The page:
Dutch Urban Housing Taps Geothermal

In the Netherlands, a Moerwijk housing estate will be partly removed over the next few years, making way for green urban renewal in the form of an energy-efficient  “social housing flat” that makes use of geothermal energy.

Part of the new urban plan of KCAP Architects, according to World Architecture News, the housing block along the Erasmusweg will be built according to low energy standards, with radiant heating, mechanical ventilation and heat exchangers to avoid unnecessary temperature losses. Heat will be provided via the earth, through geothermal vents that work with the differential between temperatures above and below ground at different times of the day.

Moerwijk_Green_Redevelopment

image via World Architecture News

This housing block was designed by Netherlands architects Atelier Kempe Thill and features 81 gallery-access apartments and maisonette housing at the ground level, along with a strip of 27 terraced houses; the two buildings are connected with a parking garage at ground floor level will connect with the surrounding neighborhood through a semi-public deck on the top.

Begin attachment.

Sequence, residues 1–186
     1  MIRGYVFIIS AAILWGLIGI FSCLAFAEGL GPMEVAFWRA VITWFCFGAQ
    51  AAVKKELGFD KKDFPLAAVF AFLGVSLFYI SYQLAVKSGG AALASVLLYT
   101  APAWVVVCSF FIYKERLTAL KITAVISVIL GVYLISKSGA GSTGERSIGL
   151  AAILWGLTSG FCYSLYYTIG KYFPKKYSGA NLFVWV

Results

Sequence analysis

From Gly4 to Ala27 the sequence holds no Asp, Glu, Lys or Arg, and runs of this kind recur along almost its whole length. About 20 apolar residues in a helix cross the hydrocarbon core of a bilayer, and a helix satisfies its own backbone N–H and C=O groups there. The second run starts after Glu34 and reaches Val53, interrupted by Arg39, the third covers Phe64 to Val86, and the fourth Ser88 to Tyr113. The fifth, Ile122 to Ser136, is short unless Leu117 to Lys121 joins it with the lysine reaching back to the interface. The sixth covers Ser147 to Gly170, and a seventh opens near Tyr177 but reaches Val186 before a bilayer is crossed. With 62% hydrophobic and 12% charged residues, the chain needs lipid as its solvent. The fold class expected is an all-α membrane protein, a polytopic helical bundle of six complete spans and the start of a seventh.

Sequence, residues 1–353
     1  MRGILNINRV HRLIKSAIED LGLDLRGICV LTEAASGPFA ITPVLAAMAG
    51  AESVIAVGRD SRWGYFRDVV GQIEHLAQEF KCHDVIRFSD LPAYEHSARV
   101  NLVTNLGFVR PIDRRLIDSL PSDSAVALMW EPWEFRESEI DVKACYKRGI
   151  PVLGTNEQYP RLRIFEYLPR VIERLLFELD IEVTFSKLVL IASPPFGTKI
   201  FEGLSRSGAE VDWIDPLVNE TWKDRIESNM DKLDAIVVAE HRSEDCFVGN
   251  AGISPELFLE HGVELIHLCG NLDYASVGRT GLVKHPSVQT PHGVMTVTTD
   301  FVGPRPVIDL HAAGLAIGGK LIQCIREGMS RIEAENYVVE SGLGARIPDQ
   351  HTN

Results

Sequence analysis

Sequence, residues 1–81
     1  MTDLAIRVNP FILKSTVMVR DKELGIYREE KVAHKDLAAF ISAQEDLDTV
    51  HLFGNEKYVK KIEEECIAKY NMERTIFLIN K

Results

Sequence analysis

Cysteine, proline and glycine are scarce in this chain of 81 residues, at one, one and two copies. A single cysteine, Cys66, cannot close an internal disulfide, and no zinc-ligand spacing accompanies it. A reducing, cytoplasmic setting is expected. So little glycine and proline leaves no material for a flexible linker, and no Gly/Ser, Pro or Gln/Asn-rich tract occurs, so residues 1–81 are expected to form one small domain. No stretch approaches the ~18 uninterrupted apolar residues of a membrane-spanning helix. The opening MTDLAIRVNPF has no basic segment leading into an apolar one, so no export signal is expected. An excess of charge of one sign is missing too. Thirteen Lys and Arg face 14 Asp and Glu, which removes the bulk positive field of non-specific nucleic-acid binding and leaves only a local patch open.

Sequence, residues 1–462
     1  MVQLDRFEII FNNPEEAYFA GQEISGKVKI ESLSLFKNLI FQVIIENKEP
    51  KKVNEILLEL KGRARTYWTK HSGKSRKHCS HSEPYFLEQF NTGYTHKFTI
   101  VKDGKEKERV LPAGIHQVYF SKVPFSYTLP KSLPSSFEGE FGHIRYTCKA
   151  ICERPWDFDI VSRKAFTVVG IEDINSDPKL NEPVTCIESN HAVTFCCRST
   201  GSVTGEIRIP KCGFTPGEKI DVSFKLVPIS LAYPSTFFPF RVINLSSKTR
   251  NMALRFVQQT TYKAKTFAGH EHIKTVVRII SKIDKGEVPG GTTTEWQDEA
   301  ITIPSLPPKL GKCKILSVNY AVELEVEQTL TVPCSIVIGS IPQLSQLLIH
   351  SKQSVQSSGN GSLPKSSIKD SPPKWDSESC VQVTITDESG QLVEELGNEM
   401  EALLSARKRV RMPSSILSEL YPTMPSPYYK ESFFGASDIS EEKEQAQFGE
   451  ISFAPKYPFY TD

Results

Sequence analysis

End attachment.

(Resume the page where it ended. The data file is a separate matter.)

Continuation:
Like what you are reading? Follow us on RSS, Twitter and Facebook to get green technology news updates throughout the day and chat with other green tech lovers.

Susan DeFreitas has covered all manner of green technology for EarthTechling since 2009. She is a graduate of Prescott College for the Liberal Arts and the Environment, and has a background in marketing green businesses. Her work on green living has been featured in Yes! Magazine, the Utne Reader and Natural Home.